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What's the difference between stochastic and random? I've read in the Portuguese Wikipedia that there's a difference, but I still didn't see this point on English Wikipedia.

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There is none. $ $ – Did Feb 28 '12 at 9:10
I don't like the term "random" because its vague and people misconstrue it as "evenly distributed", but I know of no technical difference. – Alex Becker Feb 28 '12 at 9:13
I agree with @AlexBecker. I would only add that random has many connotations (like entropy), not at all equivalent, and is a more generic term usable outside mathematics. Stochastic means nondeterministic or unpredictable. Random generally means unrecognizable, not adhering to a pattern. A random variable is also called a stochastic variable. Do random numbers exist? We speak of pseudorandom numbers. – bgins Feb 28 '12 at 9:57
There are random variables, random processes and stochastic processes, random differential equations and stochastic differential equations, random dynamical systems and stochastic dynamical systems etc. I never met the term stochastic variable (although you can consider a stochastic process as a random variable on an appropriate space). There may be a slight difference between random differential equations and stochastic differential equations... – Ilya Feb 28 '12 at 11:37
... but I think that there is no a crucial difference in the meaning, only the difference in terminology used by different groups of scientists. I can say that also in Russia the equivalent of 'random' is used in old-style literature mostly, and 'stochastic' - in the modern one. – Ilya Feb 28 '12 at 11:39

10 Answers 10

up vote 19 down vote accepted

A variable is 'random'. A process is 'stochastic'. Apart from this difference the two words are synonyms

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see here for random processes – Ilya Feb 28 '12 at 11:31
As if random was a subproduct of stochastic? – Voyska Feb 28 '12 at 16:58
The term "stochastic variable" does occur sometimes. But more often "random" is used. – Michael Hardy Feb 28 '12 at 19:45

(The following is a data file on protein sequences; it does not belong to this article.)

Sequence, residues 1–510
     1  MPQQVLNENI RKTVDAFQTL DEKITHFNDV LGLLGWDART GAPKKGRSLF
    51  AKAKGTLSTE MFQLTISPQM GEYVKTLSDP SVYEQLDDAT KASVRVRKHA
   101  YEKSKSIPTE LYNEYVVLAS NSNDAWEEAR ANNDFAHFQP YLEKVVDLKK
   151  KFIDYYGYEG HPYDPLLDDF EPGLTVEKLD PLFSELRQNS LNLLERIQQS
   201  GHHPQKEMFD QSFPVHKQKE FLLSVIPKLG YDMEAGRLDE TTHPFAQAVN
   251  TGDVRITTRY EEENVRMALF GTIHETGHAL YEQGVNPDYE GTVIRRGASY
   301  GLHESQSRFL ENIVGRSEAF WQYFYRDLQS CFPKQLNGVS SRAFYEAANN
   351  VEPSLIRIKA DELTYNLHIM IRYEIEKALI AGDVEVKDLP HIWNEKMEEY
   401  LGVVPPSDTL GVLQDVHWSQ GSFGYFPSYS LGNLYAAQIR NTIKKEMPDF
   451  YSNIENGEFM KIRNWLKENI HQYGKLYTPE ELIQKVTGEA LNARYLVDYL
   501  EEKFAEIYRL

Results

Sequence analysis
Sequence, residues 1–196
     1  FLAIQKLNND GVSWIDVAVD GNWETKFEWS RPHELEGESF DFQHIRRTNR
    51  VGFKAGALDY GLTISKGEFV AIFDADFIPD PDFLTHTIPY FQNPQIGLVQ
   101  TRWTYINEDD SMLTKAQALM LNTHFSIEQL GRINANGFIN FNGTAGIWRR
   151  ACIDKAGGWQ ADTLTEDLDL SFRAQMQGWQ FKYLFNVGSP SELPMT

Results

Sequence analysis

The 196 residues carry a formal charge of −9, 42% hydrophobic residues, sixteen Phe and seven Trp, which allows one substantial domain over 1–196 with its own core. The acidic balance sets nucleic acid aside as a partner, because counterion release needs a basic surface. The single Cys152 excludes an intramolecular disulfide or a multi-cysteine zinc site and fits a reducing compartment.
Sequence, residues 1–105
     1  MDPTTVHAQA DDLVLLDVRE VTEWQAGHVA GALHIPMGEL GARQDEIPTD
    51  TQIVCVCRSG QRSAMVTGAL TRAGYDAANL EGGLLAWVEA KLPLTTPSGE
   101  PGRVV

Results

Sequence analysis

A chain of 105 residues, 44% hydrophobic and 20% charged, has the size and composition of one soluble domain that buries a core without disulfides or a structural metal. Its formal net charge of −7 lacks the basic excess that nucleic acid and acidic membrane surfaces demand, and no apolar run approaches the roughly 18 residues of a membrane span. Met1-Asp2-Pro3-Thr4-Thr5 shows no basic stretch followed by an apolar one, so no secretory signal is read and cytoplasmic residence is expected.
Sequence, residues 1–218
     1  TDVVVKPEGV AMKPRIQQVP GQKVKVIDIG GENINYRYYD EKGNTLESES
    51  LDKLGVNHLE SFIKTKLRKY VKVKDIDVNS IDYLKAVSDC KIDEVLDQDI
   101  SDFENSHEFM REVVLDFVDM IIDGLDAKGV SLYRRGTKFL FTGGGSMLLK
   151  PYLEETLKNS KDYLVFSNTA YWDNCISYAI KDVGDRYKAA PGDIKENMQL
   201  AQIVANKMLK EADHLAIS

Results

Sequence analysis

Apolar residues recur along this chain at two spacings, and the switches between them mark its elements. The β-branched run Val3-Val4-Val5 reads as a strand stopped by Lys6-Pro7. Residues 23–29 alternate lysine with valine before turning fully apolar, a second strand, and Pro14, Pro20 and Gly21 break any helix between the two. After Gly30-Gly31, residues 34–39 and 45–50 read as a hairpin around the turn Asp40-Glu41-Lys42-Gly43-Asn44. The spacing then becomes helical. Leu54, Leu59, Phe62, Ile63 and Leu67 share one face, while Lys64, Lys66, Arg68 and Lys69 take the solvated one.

Neither word by itself has a commonly accepted formal definition in mathematics, so one cannot really ask about "the difference" between them.

They are used in phrases such as "random variable," "random walk," "stochastic process," "stochastically complete," etc, which have accepted definitions of their own. In all cases both words tend to refer to an element of chance or unpredictability. But they are generally not interchangeable; if you talk about a "stochastic walk" people will be confused.

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Stochastic comes from Ancient Greek whereas random is an old French word. (fun fact: random has totally disappeared in modern French and was replaced by aléatoire which comes from... Latin)

Otherwise there is no difference between them in the realm of Probability Theory.

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There is an anecdote about the notion of stochastic processes. They say that when Khinchin wrote his seminal paper "Correlation theory for stationary stochastic processes", this did not go well with Soviet authorities. The reason is that the notion of random process used by Khinchin contradicted dialectical materialism. In diamat, all processes in nature are characterized by deterministic development, transformation etc, so the phrase "random process" itself sounded paradoxically. Therefore, Khinchin had to change the name. After some search, he came up with the term stochastic, from στοχαστικὴ τέχνη, the Greek title of Ars conjectandi. Being popularized later by Feller and Doob, this became a standard notion in English and German literature.

Funny enough, in Russian literature the term "stochastic processes" did not live for long. The 1956 Russian translation of Doob's monograph by this name was already entitled Вероятностные процессы (probabilistic processes), and now the standard name is случайный процесс (random process).